SWORDSMEN AND THE KING: Charles I's Nephews Rupert and Maurice at War
The story of Charles I's German nephews Rupert and Maurice during the English Civil War (1642-46) -- men dubbed by critics at court the King's Swordsmen, and by their opponents as the Bloody Cavaliers. Analyses the battles and campaigns they fought, drawing on first-hand accounts to evoke the experience of 17th-century warfare. The action is set in the context of ECW politics, exploring tensions between the princes' family (ruined by the Thirty Years War), the English Parliament at Westminster, and the Royal Court at Oxford.
Rupert stands out in histories of the period, attracting criticism and applause in equal measure. Swordsmen establishes him as not only a dashing and talented cavalry commander, but also as a man whose aggressive prosecution of the war shocked contemporaries, and whose apparent haughty disregard for the opinions of others created tensions within the Royalist High Command. Maurice has received less focus in the past than his elder brother.
Rehabilitation can only go so far; the younger prince's later failures compared badly with Rupert's string of successes elsewhere. By the summer of 1644, Rupert had reached the pinnacle of his fame, while Maurice, recovering from illness, had seen his fortunes plummet. Rupert's steam-roller invasion of the North led to a defeat of monumental proportions, plunging the Prince into a deep depression. While Rupert licked his wounds, Maurice redeemed himself, playing a decisive role in defeating Parliamentarian field armies in Cornwall and Berkshire, setting the stage for the fateful campaign of 1645.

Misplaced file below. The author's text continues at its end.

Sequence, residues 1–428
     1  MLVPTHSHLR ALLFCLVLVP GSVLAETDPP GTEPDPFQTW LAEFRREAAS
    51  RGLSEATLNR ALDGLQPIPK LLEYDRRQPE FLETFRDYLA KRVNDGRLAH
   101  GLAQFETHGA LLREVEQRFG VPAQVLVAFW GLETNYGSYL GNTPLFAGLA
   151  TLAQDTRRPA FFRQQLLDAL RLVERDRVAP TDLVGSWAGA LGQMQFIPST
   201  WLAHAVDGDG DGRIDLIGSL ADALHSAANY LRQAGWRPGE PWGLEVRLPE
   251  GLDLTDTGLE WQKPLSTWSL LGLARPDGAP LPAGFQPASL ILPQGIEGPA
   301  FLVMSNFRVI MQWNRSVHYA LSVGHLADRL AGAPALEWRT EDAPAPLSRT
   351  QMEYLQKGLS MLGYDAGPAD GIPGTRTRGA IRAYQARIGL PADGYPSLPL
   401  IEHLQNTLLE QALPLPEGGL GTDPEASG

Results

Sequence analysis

NEW-softcover, available late August 2015 ......$28.00
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Updated as of 12/07/2023ABBREVIATIONS: dj-dust jacket, biblio-bibliography, b/w-black and white, illust-illustrations, b/c-book club addition.
rct - recent arrival or pending publication, spc - OMM Special Price